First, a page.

Or as Andrew McAfee formulates it: “We have to protect the future from the forces of the past”. So don’t hesitate to change something, even when it endangers jobs that were created in the past.

4. You’ll have to get out of your comfort zone

It is possible that your next business unit won’t be a part of your traditional market. You need to look further than what you are comfortable with. Explore new markets, new partnerships and look for opportunities outside the company’s traditional market, Wim Decraene explained. Take Visa for example, who collaborated with car manufacturers to allow drivers to store their payment information in their car. This enabled car drivers to pay for something, like a pizza, with their car.

Another example is General Electric. GE entered a new market of selling predictive maintenance software for connected turbines, something they had very little expertise in. By doing so, GE made itself a structural part of the future. Also, Wim Decreane explained not to be reluctant to take advantage of the existing network of the company, such as GE did by selling its predictive maintenance software to customers in its existing network.

5. You need to focus on the User Experience

If you want to know where your company should be heading in the digital future, just ask your clients! Your clients are the users of your products and/or services, so they should steer the innovation process and make sure you are on the right track.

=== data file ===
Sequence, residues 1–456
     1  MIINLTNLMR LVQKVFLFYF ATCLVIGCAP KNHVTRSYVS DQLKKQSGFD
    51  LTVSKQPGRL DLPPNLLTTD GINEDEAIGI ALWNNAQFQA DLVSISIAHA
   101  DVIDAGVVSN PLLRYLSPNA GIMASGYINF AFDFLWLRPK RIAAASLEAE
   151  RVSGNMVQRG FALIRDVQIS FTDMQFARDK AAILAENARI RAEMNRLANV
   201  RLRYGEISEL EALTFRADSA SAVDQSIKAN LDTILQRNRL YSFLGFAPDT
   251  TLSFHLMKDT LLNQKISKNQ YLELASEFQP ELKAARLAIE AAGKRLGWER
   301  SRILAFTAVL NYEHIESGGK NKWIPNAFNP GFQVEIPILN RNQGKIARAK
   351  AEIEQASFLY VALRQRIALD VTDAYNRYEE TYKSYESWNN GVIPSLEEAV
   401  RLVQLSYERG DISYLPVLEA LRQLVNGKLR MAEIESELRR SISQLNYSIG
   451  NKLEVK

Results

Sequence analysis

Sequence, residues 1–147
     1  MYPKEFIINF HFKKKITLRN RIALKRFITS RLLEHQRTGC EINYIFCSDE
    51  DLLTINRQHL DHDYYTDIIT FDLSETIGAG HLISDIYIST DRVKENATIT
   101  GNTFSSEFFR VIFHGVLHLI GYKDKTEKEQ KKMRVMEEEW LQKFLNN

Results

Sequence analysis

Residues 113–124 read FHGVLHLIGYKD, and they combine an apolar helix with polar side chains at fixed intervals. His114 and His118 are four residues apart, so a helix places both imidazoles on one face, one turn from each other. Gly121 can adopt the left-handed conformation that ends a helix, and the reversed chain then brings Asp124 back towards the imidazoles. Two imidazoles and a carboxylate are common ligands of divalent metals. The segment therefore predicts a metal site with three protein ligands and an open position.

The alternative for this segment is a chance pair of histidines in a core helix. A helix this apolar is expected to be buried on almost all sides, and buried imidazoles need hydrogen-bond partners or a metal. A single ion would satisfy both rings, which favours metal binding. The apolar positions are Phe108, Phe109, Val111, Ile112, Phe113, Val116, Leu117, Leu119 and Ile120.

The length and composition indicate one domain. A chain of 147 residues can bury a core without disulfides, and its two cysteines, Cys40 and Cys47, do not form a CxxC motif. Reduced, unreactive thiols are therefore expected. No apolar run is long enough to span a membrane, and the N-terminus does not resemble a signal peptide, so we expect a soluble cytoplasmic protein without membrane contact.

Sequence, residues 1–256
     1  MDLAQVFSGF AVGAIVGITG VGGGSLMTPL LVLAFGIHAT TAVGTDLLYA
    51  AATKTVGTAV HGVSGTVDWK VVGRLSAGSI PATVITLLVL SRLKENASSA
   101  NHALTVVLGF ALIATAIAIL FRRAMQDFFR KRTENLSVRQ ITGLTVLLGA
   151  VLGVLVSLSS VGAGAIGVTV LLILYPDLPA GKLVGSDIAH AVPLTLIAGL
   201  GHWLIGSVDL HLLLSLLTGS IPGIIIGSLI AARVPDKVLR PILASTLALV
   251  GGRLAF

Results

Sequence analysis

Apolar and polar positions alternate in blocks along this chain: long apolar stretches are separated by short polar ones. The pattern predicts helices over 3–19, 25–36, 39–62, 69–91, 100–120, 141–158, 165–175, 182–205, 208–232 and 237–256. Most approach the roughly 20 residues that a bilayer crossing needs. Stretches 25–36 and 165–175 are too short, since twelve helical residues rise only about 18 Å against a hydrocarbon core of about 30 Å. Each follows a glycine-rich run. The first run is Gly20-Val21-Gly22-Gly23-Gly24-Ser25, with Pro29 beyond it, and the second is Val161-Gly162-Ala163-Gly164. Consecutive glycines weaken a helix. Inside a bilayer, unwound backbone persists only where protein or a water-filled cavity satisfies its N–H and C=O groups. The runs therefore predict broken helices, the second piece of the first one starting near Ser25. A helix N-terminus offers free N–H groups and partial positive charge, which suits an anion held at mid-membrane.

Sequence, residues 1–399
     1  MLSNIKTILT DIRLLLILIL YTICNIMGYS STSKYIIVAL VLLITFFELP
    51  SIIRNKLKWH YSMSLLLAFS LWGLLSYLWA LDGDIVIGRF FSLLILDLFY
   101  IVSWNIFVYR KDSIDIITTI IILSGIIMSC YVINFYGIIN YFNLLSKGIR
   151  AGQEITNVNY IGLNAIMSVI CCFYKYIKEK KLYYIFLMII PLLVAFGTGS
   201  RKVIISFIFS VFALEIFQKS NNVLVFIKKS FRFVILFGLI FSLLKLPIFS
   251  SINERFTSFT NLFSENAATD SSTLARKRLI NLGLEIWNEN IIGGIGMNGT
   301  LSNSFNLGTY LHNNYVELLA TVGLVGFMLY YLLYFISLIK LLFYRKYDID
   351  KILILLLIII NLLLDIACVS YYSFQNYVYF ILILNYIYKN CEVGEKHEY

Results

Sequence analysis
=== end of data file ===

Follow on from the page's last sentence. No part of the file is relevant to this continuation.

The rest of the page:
In the digital age, not everything is digital. So don’t focus solely on building apps and the likes. The customer journey is about more than just digital interactions. In the old days, the only way for a customer to reach out to a company was by phone, during office hours. Even though digital communication makes 24/7 communication possible, 75% of all people still prefer personal interactions. Bolero, for example, organises events, business trips and 1-on-1 meetings to maintain a certain level of personal interaction with their clients.

At iCapps, our Concept & Design team involves users through interviews, workshops and other sessions to define user journeys and customer needs. By involving users early on, and not just at the stage of user testing, we get instant feedback that tells us whether or not we are on the right track. This is where Google’s Pretotyping-Principle comes in: “Make sure you are building the right ‘it’, before you build it right”.

If you want to discuss how to make your company more digital, you are always welcome for a coffee/tea.

This post previously appeared on Medium and on the icapps website (previously spelled iCapps instead of icapps). It was co-written with Jarco Waelput.